Quick Tip To Avoid Losing Your iPhone

img_0031This is by no means a groundbreaking tip in my eyes, but having shown it to a few people, they suggested I should immortalise it by posting it for others to benefit from.

If you regularly travel or attend events, you probably pull your phone out of your pocket every few minutes. You also most likely rely heavily on it as your main means of communication, so losing it becomes a real pain.

What I did during SXSWi was create a note containing my contact details if my phone was found. As it was a total geekfest, my Twitter username and email address was enough, but if you’re staying at a hotel, you could ask them to leave it at your hotel’s reception desk, etc. As long as it fits within that single screen.

Set a PIN code on your phone to avoid anyone having a jolly by making international calls when they find it and hope that, if you do lose it, a Good Guy/Gal finds it who hands it back to you.

Quick handy tip, do it next time you go away!

[Update: Some readers pointed out they didn’t know how to get from creating a note to making it visible as wallpaper so here are some further details.

  1. After you’ve created the note, take a screenshot by pressing the top & front buttons at the same time. The screen will “flash” and the image will be saved in your Camera Roll.
  2. Go to your Photos app & to Camera Roll, and select the photo you want.
  3. Press the button with the arrow on the far left and select “Use as Wallpaper”
  4. Go to Settings and set your PIN code so that your phone now requires a PIN code.

When you’ll next wake your phone up from standby, you’ll see the wallpaper telling someone who finds your phone how to get a hold of you, while protecting your personal data by keeping it locked with a PIN.]

Browsing the Mobile Web: Anyone Out There?

Earlier this week, I published a post on the Taptu blog looking at the challenges of creating and selling mobile applications outside of the iPhone bubble, in particular at how developer Jan Ole Suhr released a Twitter client for S60, causing a stir around the pricing.

You know me, I love nothing more than a good ol’ rumble around the web, so when I came across some more tasty stats that didn’t agree with each other, I had to bite. Bango and AdMob both released recent figures for their top 20 handsets and there’s a Grand Canyon of difference in the top 3.


Granted there is a fairly straightforward explanation for this variation; AdMob, as an ad network, has been one of the chosen ad providers for many iPhone app developers, who choose to monetise their apps through advertising.

No Monopoly, Apple

What is enlightening however, is that the iPhone and iPod Touch don’t feature at all in Bango’s top 20. As a more representative sample of the mobile web than AdMob’s figures, it’s fascinating to see that a phone as basic as the Nokia 3110 Classic tops the chart. This is 2009. Weren’t we supposed to have hover cars, food in pill form and travel to the moon by now!? Yet a phone with less features than my microwave tops the chart with over 12% of the traffic to cross Bango’s service.

[Tangent alert] Before anyone crucifies me, I believe older phones have some wonderful benefits. My favourite phone of all times is probably still the Nokia 6100, which was small enough for me to mistake it for some futuristic pill form food and had about a century of battery life. (Ok, only slightly exaggerating) I’m a big fan of the iPhone, not so much of second-rate touch devices like Nokia’s 5800, but I try to be fair and give each and every new phone a chance first. [Tangent over]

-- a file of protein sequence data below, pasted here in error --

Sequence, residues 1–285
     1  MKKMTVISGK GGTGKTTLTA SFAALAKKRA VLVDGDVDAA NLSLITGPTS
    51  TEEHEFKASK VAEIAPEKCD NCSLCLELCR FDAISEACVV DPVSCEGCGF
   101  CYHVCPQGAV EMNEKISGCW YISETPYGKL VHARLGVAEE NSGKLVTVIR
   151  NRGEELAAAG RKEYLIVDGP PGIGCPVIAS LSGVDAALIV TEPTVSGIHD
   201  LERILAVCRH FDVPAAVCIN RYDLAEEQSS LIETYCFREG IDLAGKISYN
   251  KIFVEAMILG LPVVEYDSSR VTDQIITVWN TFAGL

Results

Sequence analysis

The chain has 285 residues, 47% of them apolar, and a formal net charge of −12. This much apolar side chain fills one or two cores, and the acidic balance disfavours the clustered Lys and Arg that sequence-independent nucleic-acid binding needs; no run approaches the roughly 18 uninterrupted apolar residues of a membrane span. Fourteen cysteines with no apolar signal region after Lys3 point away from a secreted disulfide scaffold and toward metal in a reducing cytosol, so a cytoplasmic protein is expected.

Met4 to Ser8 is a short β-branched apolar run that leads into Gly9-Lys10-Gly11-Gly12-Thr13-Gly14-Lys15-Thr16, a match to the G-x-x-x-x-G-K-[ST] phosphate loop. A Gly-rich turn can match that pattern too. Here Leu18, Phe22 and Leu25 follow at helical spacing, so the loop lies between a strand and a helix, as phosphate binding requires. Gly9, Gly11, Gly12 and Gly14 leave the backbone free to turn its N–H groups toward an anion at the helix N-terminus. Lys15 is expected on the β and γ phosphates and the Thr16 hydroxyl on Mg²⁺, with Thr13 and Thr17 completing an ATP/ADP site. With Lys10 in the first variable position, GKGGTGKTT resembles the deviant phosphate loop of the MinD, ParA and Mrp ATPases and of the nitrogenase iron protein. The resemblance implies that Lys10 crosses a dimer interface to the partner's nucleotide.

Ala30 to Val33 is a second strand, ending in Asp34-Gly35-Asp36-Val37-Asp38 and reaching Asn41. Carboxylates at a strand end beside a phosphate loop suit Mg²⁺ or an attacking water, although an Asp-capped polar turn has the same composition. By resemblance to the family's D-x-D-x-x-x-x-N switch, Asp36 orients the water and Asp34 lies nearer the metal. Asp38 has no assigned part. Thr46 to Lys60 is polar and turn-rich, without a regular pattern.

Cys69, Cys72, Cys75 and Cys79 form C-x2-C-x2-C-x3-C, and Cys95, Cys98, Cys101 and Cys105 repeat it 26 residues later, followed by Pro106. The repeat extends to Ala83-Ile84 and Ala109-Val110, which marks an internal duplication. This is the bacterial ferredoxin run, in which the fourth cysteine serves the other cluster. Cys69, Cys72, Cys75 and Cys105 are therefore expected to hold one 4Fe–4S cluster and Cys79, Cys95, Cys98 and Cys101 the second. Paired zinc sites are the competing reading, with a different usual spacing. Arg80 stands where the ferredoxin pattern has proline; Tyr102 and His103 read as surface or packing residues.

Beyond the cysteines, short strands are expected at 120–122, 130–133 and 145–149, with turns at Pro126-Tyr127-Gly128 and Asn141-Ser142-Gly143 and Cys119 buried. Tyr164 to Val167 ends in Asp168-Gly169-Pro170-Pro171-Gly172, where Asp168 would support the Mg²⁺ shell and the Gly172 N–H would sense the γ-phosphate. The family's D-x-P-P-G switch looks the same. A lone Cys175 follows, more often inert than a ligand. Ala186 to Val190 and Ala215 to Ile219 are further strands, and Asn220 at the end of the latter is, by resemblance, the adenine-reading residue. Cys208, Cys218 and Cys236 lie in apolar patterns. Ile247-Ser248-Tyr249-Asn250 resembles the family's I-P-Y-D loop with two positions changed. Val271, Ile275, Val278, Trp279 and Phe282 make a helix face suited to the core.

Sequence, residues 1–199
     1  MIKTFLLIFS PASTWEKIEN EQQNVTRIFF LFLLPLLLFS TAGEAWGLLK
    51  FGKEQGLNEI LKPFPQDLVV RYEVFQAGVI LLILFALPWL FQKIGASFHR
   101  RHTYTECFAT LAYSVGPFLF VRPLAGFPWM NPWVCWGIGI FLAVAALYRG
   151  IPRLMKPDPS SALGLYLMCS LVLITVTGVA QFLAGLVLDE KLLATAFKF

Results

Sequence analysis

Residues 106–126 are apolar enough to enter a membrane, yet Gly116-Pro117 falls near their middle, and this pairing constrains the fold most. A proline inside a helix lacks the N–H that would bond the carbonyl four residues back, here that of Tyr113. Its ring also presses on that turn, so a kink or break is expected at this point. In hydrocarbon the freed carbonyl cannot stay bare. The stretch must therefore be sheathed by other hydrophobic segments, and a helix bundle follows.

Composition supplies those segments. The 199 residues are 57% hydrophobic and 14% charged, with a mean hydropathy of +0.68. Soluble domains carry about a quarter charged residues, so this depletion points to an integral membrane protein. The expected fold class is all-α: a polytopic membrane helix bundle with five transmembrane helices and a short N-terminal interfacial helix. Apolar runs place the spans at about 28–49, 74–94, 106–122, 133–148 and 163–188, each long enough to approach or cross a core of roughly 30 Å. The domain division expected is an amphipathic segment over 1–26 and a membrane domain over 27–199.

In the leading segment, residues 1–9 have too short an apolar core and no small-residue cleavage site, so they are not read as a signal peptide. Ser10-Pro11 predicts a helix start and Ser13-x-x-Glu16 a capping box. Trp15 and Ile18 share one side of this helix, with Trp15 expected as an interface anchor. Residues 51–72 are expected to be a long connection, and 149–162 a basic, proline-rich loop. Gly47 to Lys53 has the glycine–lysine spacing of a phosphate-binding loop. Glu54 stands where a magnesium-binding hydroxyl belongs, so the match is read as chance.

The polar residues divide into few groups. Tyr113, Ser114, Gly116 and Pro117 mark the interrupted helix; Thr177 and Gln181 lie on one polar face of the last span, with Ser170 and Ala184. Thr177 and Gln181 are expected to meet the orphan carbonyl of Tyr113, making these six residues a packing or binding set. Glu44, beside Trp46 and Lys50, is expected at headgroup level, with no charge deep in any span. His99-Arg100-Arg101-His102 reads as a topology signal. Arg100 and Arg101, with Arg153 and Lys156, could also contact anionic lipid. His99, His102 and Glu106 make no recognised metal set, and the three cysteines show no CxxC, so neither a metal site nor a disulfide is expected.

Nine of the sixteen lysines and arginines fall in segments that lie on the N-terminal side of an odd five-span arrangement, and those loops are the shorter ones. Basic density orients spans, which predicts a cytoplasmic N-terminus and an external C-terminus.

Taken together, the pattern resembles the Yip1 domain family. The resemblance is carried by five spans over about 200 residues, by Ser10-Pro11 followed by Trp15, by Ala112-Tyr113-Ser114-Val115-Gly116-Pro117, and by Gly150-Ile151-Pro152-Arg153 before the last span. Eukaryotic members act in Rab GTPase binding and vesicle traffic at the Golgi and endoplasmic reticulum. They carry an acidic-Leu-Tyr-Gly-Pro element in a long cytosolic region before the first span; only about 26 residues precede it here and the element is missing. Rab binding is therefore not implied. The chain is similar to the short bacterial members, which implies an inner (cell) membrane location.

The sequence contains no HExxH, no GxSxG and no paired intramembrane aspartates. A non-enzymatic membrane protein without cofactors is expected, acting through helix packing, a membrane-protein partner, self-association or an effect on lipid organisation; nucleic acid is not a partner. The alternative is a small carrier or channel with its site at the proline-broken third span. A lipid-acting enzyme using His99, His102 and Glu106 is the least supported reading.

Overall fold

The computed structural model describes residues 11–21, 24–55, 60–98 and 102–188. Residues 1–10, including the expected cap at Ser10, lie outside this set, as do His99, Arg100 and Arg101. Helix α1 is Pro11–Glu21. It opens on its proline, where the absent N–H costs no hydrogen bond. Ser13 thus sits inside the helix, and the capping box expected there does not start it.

Part of the appeal of the mobile web as opposed to apps is that, generally speaking, it’s much more accessible from a wide range of devices, without device, geographic or network limitations. But speaking to a number of smaller mobile website owners, it seems everyone’s missing a trick.

Stats Geeks Wanted

On desktop, most of us have caught on to Google Analytics and use it regularly to keep an eye on the ups and downs of our website. On mobile? Tumbleweed in most cases! Sure, Google Analytics and others aren’t suitable for mobile, but there are options. In fact, Bango’s mobile analytics service is not only simple to use, but has an admin area that rivals desktop packages.

Weirdly, these analytics could just as well be used on a desktop site. What, do you really think you don’t have a single mobile visitor to your desktop site? iPhone and other higher end phones will cope with Javascript (necessary to make a mark on Google Analytics, for example), but the majority of the devices listed on both AdMob and Bango’s top 20 won’t even register on your stats.

Personally, as a marketing gal and stats geek, I can’t imagine why a marketing manager wouldn’t want to improve reported numbers just by adding a new set of analytics. It ain’t cheating, it’s just usefully flagging up users you wouldn’t have noticed otherwise.

Fly Me To the Moon

So while there are heinously bad phones out there *cough* motorolaimlookingatyou *cough* and site developers who forget that not everyone’s interested in a big Flash animation welcoming you to the site, we just can’t deny that it’s slowly becoming more or less enjoyable to browse the web on a phone, so it’s worth supporting that through good mobile design and smart tracking of what users coming from phones rather than 24″ screens get up to.

As far as I’m concerned, you’ll only find me browsing on an iPhone, since I’m not yet quiiite satisfied with touchscreen alternatives out there. Of course, I’m a willing guinea pig… at least while I wait for my brain implant, jetpack and weekend ticket to the moon.

[Disclaimer: Taptu and Bango are both clients with whom I work on community development. As for Apple and AdMob, I’m merely watching them evolve with great interest.]

iPhone 2.0: Does it really matter?